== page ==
Nuts in Farringdon

Many readers will know of 67 Pall Mall. It’s a members club for lovers of fine wine. On the edge of the City, on Farringdon Street, under Holborn Viaduct in the arches long ago occupied by Oddbins’ Fine Wine shop is another kind of club.

At Winemakers Club you can buy and taste wine, eat, sometimes even “dine”, or watch a band. A very different kind of club. And you don’t have to pay to join this one. They must be nuts!

It’s a space often used for tastings too, and on Tuesday importer and agent Red Squirrel hosted their annual portfolio tasting here, New Frontiers. These guys are nuts as well. It’s not the name, which let’s face it would be up to my usual poor standard of punning, but because they take more risks than most to bring some of the world’s more unusual wines to their customers.

This is why I was very pleased to see some of the big names in the world of wine writing present. I hope they enjoyed the wines as much as I did.

I do want to address one issue brought up on social media – that the room was too dark to see the wine. Actually, the space resembled perfectly a traditional underground wine cellar, where I’m sure many of us regularly taste. The light of a solitary bulb or candle doesn’t put me off at Mauves or Vosne, and it was not quite that dark, but then I’m not so fixated on what the wine looks like in bright light. I’m not using the WSET scoring system (sorry guys – I do actually have the Diploma). So the dark venue didn’t bother me. It was no darker than some other tastings, like Haisma/Le Grappin for example. That said, it’s a perfect excuse for some of the photos being a little dark…

Anyway, onto the wines. I largely stuck to the new wines in the portfolio, so you won’t see notes for Vinterloper, Clos Cibonne, the Ligurians, Parxet Cava etc. I’ve written about these and others elsewhere (link at bottom), and suffice to say they are all worth trying. Below are what I would like to think is the best of the new stuff, but as with all tastings like this, you can’t always try everything. I can think of one winery I sadly missed – Ahrens Family. There’s always one.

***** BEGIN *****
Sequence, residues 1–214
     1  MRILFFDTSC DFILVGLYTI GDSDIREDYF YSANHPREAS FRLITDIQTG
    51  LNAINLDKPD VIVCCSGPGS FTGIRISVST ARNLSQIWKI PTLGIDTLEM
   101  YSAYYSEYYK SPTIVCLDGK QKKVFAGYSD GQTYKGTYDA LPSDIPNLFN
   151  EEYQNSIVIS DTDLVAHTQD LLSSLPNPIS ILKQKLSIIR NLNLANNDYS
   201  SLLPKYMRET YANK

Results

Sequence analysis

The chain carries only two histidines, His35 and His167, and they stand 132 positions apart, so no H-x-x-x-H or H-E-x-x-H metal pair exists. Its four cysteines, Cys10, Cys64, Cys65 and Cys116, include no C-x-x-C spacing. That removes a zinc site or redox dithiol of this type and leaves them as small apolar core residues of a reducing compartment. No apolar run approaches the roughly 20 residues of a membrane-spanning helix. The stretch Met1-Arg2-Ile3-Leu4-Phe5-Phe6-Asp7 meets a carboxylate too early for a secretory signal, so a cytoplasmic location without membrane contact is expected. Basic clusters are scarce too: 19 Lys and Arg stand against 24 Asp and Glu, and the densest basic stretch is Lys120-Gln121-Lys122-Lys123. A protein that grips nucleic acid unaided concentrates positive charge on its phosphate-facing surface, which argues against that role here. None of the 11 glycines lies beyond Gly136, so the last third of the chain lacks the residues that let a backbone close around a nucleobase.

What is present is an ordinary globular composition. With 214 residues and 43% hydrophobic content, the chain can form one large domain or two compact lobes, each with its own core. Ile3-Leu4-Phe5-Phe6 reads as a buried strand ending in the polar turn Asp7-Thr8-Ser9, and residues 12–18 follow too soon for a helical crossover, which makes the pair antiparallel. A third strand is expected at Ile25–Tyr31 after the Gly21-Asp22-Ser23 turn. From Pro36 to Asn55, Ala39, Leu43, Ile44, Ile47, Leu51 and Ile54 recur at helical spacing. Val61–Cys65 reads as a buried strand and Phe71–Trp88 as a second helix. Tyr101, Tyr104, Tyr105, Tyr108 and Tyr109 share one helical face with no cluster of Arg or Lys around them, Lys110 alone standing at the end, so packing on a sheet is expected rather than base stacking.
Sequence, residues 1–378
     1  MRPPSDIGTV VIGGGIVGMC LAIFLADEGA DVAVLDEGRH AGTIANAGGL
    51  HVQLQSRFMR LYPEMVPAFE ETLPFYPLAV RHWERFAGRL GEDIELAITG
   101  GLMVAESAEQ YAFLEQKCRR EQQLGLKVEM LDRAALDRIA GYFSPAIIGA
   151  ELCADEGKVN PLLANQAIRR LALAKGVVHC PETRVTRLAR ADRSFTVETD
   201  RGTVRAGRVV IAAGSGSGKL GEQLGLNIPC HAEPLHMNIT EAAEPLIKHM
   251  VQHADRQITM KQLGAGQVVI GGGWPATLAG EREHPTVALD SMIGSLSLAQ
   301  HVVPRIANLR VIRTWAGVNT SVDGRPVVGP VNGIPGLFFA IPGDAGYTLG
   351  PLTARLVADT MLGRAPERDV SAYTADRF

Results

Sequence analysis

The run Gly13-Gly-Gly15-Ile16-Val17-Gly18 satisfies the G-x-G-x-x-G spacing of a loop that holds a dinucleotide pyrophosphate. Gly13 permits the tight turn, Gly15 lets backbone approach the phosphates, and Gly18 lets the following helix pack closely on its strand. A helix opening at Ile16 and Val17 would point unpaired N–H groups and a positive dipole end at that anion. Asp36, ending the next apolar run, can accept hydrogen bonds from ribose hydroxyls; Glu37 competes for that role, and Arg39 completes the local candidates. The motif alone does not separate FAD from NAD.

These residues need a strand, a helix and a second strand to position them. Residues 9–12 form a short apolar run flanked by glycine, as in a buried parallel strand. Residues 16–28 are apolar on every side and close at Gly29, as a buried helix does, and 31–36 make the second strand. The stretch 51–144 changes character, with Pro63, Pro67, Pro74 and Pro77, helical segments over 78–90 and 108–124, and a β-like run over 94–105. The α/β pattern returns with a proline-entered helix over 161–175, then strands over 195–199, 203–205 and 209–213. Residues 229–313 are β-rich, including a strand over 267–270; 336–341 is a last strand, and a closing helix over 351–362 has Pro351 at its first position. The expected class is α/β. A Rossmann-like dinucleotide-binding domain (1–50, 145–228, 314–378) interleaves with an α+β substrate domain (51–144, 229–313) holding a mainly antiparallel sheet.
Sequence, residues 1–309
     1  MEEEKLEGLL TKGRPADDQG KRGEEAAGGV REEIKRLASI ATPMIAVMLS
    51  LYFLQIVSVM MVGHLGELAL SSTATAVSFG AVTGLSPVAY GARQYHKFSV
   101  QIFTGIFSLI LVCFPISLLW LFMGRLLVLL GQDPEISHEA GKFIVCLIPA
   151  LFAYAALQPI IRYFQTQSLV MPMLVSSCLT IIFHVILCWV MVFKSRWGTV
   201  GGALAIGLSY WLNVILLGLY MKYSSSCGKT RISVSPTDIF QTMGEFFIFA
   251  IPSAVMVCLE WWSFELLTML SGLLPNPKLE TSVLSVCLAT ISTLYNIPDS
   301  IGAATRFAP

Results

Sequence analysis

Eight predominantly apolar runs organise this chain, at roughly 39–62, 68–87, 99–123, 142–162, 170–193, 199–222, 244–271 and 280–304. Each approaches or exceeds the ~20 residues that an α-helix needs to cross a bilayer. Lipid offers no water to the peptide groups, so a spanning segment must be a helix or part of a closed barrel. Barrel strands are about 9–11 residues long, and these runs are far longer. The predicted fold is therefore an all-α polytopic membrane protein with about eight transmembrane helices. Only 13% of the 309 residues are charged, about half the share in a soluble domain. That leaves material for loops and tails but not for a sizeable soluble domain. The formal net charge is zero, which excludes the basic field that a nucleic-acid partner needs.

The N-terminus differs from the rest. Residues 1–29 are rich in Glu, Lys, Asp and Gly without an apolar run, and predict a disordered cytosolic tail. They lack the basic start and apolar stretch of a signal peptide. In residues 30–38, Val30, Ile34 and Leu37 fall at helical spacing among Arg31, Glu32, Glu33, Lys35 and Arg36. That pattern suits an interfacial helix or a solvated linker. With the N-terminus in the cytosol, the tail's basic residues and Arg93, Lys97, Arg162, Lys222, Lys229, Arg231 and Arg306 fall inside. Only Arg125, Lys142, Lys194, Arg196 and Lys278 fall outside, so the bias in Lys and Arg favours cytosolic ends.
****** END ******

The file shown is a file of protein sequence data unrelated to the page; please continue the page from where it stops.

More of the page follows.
Champagne A Levasseur

This was a good start, perhaps an under statement. This Marne grower is in the village of Cuchery, which is a little to the west of the main Reims-Epernay road, up in the Parc Régional. Founded by Albert Levasseur in the 1940s, this small producer (with just 4.2 hectares) is now run by the very able David, his grandson. The entire production is organic, and amounts to around 35,000 bottles per year.

Five wines were on show: a fruity Brut (9g/l), a precise and one year older Brut Nature, a Blanc de Blancs from Marne Chardonnay, an Extra Brut from 100% Pinot Noir, and a cuvée called Extrait Gourmand, a pink containing blended in three year old red wine. My favourite was the Chardonnay, but that’s probably my own tastes coming through. The rosé would make a very good food wine, fresh but with real presence. David, a very affable chap, recommends it with spicy food and sushi. The wines are not cheap (the Brut is only £35 but the single variety cuvées are £65 retail, the pink £40, the latter being a relative bargain I suppose), but quality is high and I count this a discovery.

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Chateau L’Argentier, Sommières, Languedoc

This producer is based in the hills more or less between Montpélier and Nîmes, just north of Lunel. Run by the Jourdan family since 1937, there are 45 hectares on the estate, of which 24 ha are currently under vine. They have kept all the old concrete vats here, and I’m sure that’s one of the reasons that the wines have an earthy authenticity, most pronounced in the really grippy Cinsault. It’s a vielles vignes cuvée, which shows real character. There’s a Coteaux du Languedoc made from a blend of 40% of both Syrah and Grenache with 20% Carignan, with more colour and depth and less rusticity. I like both wines but slightly preferred the Cinsault (£16).

The top cuvée is the Sommière, a new Languedoc denomination, and L’Argentier were the first to release under this label. They were showing that first 2011 here, based on 70% Syrah with 20% Carignan, the remainder Grenache. It comes from a 2.2 hectare single site on very thin soils and just 500 cases were made. It’s a deeper, darker, wine with the Syrah gently dominating. A step up, but only £22 for a wine which is in no hurry to be drunk.

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Château Combel-la-Serre, Cahors

This is one of a growing band of Cahors producers who prefer to make their wines from pure Malbec, but the wines here bear little relation to the big and brassy Malbecs we often see out of South America. In fact “pure” is a perfect description of Julien Ilbert’s wines. He’s been bottling since 2005, and has been organic since 2013 (certified 2015). The vineyards, totaling 26 ha, are on different topsoils, but all having as their base the limestone of the causse above the Lot Valley.